The Solar System | Star Formation | Celestial Bodies | Spectral Classes


A system of about 100 billion stars. Our Sun is a member of the Milky Way Galaxy, which is sometimes just designated by capitalization: Galaxy. There are billions of galaxies in the observable universe. Exactly when and how galaxies formed in the Universe is a topic of current astronomical research.


An old star, about the same size as the Sun, that has exhausted its available nuclear fuel and collapsed to about the size of the Earth. They are not very luminous but are hot enough to radiate white or blue-white light. The final stage of life for all stars like the Sun is the white dwarf stage.


Burnt-out core of an old star that no longer emits light, generally believed to follow the white dwarf stage.


A small dark star, smaller than a planet and has a mass equivalent to less than one-tenth of the Sun's mass. A type of failed star - one that did not get hot enough to start the nuclear process.


Massive low-density stars with a diameter up to 100 times greater than that of the Sun. They are very bright and can be seen from vast distances. Giant and supergiant stars represent stages in the lives of stars after they have burned most of their internal hydrogen fuel. Stars swell as they move off the main sequence, becoming giants and for more massive stars supergiants


Neutron stars are the collapsed cores left behind by supernova explosions. Pulsars are a special type of neutron star. Pulsars and neutron stars form when the remnant of a star left after a supernova explosion collapses until it is about 10 km in radius. At that point, the neutrons in the core resist being pressed together further and balance the gravitational force to stop the core collapsing. At that point, the star is so dense that a teaspoonful has the mass of a billion tonnes. Neutron stars become pulsars when the magnetic field of a neutron star directs a beam of radio waves out into space. The star is so small that it rotates from one to a few hundred times per second. As the star rotates, the beam of radio waves sweeps out a path in space. If Earth is in the path of the beam, radio astronomers see the rotating beam as periodic pulses of radio waves. This pulsing is the reason these stars are called pulsars.


A quasi-stellar object - an astronomical object that is very bright for its size and distance from Earth and emits huge amounts of energy, sometimes equal to the energy output of an entire galaxy.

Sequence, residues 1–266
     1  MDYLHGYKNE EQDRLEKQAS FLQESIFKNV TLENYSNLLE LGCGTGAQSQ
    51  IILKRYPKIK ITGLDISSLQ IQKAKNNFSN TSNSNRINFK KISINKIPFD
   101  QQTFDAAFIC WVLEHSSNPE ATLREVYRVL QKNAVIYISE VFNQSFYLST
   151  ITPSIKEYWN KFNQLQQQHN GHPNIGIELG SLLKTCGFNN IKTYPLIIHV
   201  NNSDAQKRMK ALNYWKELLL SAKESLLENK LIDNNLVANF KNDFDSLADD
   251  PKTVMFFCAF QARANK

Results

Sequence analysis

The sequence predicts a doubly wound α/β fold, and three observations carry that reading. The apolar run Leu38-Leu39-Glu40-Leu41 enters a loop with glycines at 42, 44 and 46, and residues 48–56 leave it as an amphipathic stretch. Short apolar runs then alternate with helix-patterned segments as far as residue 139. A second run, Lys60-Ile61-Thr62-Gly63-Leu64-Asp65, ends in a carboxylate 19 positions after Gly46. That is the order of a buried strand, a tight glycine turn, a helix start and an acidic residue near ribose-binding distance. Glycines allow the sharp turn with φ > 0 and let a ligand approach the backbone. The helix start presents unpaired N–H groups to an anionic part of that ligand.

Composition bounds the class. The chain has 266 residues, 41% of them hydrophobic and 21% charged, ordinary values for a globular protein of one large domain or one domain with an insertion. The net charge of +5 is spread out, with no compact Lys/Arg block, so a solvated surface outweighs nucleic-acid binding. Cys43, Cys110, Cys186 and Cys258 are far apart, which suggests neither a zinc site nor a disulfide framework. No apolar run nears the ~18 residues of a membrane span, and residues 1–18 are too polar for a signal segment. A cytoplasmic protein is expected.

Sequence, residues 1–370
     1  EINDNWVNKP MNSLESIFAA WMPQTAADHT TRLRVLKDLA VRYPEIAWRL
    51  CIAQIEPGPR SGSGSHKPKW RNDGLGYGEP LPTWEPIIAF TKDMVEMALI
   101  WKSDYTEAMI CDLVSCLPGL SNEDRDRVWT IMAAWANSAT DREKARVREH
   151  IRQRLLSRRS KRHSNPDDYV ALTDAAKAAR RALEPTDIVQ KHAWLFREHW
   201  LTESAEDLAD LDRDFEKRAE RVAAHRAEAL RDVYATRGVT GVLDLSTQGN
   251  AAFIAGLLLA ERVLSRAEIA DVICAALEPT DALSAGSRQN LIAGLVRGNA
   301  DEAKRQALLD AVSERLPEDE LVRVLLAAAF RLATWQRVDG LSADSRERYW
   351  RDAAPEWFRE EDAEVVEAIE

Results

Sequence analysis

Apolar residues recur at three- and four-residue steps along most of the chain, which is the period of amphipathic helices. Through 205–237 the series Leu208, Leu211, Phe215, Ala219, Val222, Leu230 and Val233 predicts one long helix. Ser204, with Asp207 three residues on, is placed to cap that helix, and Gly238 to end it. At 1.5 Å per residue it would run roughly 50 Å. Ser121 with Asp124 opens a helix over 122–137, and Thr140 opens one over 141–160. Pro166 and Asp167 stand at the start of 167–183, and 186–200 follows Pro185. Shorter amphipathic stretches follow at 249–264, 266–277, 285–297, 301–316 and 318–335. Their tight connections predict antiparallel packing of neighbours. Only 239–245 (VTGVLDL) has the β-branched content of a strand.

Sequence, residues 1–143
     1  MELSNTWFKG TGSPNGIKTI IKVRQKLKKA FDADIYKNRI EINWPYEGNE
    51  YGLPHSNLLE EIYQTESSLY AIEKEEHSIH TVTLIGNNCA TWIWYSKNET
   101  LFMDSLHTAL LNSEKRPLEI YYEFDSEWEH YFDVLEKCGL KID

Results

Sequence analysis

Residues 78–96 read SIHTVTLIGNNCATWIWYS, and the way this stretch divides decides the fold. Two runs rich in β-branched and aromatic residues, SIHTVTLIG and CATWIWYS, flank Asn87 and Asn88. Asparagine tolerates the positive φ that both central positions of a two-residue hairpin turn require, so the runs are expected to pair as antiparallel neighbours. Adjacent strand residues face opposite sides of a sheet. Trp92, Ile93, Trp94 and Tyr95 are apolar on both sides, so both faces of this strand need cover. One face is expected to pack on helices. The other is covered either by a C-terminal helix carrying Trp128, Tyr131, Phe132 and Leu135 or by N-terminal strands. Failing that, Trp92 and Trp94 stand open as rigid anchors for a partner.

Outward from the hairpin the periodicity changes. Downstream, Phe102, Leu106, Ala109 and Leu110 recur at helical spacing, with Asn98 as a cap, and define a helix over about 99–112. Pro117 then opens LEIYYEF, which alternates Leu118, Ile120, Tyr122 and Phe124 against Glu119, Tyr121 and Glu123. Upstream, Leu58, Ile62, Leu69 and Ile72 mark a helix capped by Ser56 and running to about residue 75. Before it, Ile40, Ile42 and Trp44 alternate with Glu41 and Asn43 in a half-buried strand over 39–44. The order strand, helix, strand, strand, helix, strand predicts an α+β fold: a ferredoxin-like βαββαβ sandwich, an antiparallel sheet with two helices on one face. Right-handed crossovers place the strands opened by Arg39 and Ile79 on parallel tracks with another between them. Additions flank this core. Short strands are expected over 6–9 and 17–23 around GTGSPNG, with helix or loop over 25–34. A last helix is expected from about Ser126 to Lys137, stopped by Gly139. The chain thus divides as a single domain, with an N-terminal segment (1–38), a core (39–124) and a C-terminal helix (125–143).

Quasars are believed by most astronomers to be the energetic nuclei of very distant galaxies. For reasons not yet known, they have brightened so much that they mask the light from their underlying galaxies. Often they occur in extremely distant clusters of galaxies. The spectral lines of quasars display very large red shifts, which would indicate that these objects are traveling away from earth's galaxy at speeds in the range of 80 percent of the speed of light. Their apparent great speed also means that they are among the most distant of cosmological objects.


A pulsating variable star. This type of star undergoes a rhythmic pulsation as indicated by its regular pattern of changing brightness as a function of time. The period of pulsation has been demonstrated to be directly related to a Cepheid's intrinsic brightness making observations of these stars one of the most powerful tools for determining distance known to modern day astronomy.


The death explosion of a massive star, resulting in a sharp increase in brightness followed by a gradual fading. At peak light output, supernova explosions can outshine a galaxy. The outer layers of the exploding star are blasted out in a radioactive cloud. This expanding cloud, visible long after the initial explosion fades from view, forms a supernova remnant the core often collapses to form a neutron star.


Between the inner and outer planets of the Solar System lie the asteroid belts. These consist of about 40 000 rocks most of which are only a few metres across. The largest, Ceres, is 936m in diameter.

Other asteroids in the solar system include the Aten asteroids between Venus and Earth, Sallit 1 between Mars and Jupiter, the two Trojan groups in the same orbital path as Jupiter and Chiron between Saturn and Uranus.


A chunk of frozen gasses, ice, and rocky debris that orbits the Sun. A comet nucleus is about the size of a mountain on earth. When a comet nears the Sun, heat vaporizes the icy material producing a cloud of gaseous material surrounding the nucleus, called a coma. As the nucleus begins to disintegrate, it also produces a trail of dust or dust tail in its orbital path and a gas or ion tail pointing away from the Sun. Comet comas can extend up to a million miles from the nucleus and comet tails can be millions of miles long. There are thought to be literally trillions of comets in our solar system out past Neptune and Pluto, but only once per decade or so does one become near and bright enough to see easily without binoculars or a telescope.


Meteors are the millions of tiny particles that orbit the Sun. Most of those that enter the Earth's atmosphere burn up leaving a bright trail. The larger bodies that reach the surface are called meteorites.

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